Article Text

other Versions

PDF
Chromosome 15q11-13 duplication syndrome brain reveals epigenetic alterations in gene expression not predicted from copy number
  1. Amber Hogart (arhogart{at}ucdavis.edu)
  1. UC Davis School of Medicine, United States
    1. Karen N Leung
    1. UC Davis School of Medicine, United States
      1. Nicholas J Wang
      1. University of Delaware, United States
        1. David J Wu
        1. University of Delaware, United States
          1. Jenette Driscoll
          1. Alfred I duPont Hospital for Children, United States
            1. Roxanne O Vallero
            1. UC Davis School of Medicine, United States
              1. Carolyn Schanen (schanen{at}medsci.udel.edu)
              1. Alfred I duPont Hospital for Children, United States
                1. Janine M LaSalle (jmlasalle{at}ucdavis.edu)
                1. UC Davis School of Medicine, United States

                  Abstract

                  Background: Chromosome 15q11-13 contains a cluster of imprinted genes essential for normal mammalian neurodevelopment. Deficiencies in paternal or maternal 15q11-13 alleles result in Prader-Willi or Angelman syndromes, respectively, and maternal duplications lead to a distinct condition that often includes autism. Overexpression of maternally expressed imprinted genes is predicted to cause 15q11-13-associated autism, but a link between gene dosage and expression has not been experimentally determined in brain.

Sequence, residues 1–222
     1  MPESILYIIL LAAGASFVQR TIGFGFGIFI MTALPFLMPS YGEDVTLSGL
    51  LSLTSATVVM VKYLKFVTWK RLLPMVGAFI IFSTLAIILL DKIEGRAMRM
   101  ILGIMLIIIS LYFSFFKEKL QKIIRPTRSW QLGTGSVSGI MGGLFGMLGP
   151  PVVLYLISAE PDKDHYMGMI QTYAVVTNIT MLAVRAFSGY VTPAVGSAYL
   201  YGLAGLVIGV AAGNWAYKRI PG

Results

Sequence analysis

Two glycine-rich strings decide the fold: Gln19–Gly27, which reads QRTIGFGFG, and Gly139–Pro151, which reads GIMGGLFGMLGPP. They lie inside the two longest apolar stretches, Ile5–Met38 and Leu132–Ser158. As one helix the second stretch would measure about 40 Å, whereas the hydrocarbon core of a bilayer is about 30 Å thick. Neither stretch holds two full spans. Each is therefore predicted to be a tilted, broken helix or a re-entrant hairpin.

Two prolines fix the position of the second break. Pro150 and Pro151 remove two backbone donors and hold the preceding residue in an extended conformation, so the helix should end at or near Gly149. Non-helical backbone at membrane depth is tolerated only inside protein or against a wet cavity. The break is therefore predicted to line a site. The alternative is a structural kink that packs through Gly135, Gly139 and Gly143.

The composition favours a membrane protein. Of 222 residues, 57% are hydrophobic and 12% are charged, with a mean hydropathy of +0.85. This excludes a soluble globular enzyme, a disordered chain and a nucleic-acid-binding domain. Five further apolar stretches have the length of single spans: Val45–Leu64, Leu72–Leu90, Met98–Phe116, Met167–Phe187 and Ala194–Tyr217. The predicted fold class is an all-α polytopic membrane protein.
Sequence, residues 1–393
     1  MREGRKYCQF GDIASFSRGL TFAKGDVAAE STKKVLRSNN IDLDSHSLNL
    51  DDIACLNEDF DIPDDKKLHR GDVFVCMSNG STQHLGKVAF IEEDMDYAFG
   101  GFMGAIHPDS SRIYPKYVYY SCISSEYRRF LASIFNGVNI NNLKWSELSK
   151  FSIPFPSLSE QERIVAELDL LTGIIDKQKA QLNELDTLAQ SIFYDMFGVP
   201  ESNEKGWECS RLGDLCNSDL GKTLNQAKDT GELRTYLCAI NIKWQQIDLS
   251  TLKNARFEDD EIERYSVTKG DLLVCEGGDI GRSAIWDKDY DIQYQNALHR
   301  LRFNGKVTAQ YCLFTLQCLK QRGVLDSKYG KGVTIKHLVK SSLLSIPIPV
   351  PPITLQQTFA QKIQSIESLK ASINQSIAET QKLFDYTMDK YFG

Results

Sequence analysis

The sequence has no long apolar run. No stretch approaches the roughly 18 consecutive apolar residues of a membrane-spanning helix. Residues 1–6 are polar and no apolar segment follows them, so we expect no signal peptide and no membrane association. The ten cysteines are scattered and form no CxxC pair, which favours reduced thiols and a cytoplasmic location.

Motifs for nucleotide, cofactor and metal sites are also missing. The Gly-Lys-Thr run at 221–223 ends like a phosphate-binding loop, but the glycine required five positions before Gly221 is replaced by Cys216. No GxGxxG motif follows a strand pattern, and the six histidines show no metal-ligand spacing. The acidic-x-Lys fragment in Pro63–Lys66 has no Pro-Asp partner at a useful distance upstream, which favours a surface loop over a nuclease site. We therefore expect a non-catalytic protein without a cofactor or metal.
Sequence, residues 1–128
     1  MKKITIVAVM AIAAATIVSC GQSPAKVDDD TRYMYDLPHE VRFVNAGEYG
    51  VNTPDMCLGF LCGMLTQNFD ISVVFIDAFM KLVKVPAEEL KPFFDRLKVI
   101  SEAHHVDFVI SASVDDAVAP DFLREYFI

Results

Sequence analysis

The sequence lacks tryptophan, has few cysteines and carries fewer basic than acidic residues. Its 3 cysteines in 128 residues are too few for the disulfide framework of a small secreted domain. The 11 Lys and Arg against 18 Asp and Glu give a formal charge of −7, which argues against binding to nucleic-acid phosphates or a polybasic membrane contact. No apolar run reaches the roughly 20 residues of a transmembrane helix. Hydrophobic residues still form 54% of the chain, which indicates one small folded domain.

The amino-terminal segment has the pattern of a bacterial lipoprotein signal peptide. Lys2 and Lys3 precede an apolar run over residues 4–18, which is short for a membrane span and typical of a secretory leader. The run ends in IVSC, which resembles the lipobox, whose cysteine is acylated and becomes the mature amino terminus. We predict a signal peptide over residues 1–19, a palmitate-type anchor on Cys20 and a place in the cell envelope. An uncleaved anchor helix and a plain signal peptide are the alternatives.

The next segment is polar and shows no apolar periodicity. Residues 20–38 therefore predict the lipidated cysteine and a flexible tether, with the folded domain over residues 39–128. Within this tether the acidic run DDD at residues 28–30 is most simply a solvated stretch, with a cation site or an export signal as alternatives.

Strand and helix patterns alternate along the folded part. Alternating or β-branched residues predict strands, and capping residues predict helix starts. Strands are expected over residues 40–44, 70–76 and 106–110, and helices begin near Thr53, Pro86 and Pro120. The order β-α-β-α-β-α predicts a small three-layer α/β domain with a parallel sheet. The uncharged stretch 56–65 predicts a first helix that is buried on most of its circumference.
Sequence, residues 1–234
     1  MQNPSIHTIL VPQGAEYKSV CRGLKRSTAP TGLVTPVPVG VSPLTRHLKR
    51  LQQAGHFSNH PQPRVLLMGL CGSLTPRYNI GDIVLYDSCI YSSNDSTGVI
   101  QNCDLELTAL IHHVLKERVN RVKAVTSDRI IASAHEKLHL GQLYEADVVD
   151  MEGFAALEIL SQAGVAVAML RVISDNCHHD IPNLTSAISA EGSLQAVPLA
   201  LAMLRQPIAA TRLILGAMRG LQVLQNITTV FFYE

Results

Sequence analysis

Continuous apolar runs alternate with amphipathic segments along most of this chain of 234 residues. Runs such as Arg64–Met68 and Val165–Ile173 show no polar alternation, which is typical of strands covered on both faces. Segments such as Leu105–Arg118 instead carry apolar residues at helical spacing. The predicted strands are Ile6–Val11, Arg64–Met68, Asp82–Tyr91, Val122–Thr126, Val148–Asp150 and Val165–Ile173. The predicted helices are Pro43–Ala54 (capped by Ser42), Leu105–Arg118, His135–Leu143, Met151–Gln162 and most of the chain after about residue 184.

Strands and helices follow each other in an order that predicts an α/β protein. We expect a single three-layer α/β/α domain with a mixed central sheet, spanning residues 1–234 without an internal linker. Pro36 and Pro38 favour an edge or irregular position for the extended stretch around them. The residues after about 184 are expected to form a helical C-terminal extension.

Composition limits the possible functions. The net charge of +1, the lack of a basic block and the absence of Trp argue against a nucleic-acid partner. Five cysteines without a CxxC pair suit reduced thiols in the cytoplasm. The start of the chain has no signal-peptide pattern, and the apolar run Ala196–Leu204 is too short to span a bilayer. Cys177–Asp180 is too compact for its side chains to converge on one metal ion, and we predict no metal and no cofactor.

Methods: Post-mortem brain tissue was obtained from a male with 15q11-13 hexasomy and a female with 15q11-13 tetrasomy. Quantitative RT-PCR was used to measure ten 15q11-13 transcripts in maternal 15q11-13 duplication, Prader-Willi syndrome, and control brain samples. Southern blot, bisulfite sequencing and fluorescence in situ hybridization were used to investigate epigenetic mechanisms of gene regulation.

                  Results: Gene expression and DNA methylation correlated with parental gene dosage in the male 15q11-13 duplication sample with severe cognitive impairment and seizures. Strikingly, the female with autism and milder Prader-Willi-like characteristics demonstrated unexpected deficiencies in the paternally expressed transcripts SNRPN, NDN, HBII85, and HBII52 and unchanged levels of maternally expressed UBE3A compared to controls. Paternal expression abnormalities in the female duplication sample were consistent with elevated DNA methylation of the 15q11-13 imprinting control region (ICR). Expression of nonimprinted 15q11-13 GABA receptor subunit genes was significantly reduced specifically in the female 15q11-13 duplication brain without detectable GABRB3 methylation differences.

                  Conclusion: Our findings suggest that genetic copy number changes combined with additional genetic or environmental influences on epigenetic mechanisms impact outcome and clinical heterogeneity of 15q11-13 duplication syndromes.

                  Statistics from Altmetric.com

                  Request permissions

                  If you wish to reuse any or all of this article please use the link below which will take you to the Copyright Clearance Center’s RightsLink service. You will be able to get a quick price and instant permission to reuse the content in many different ways.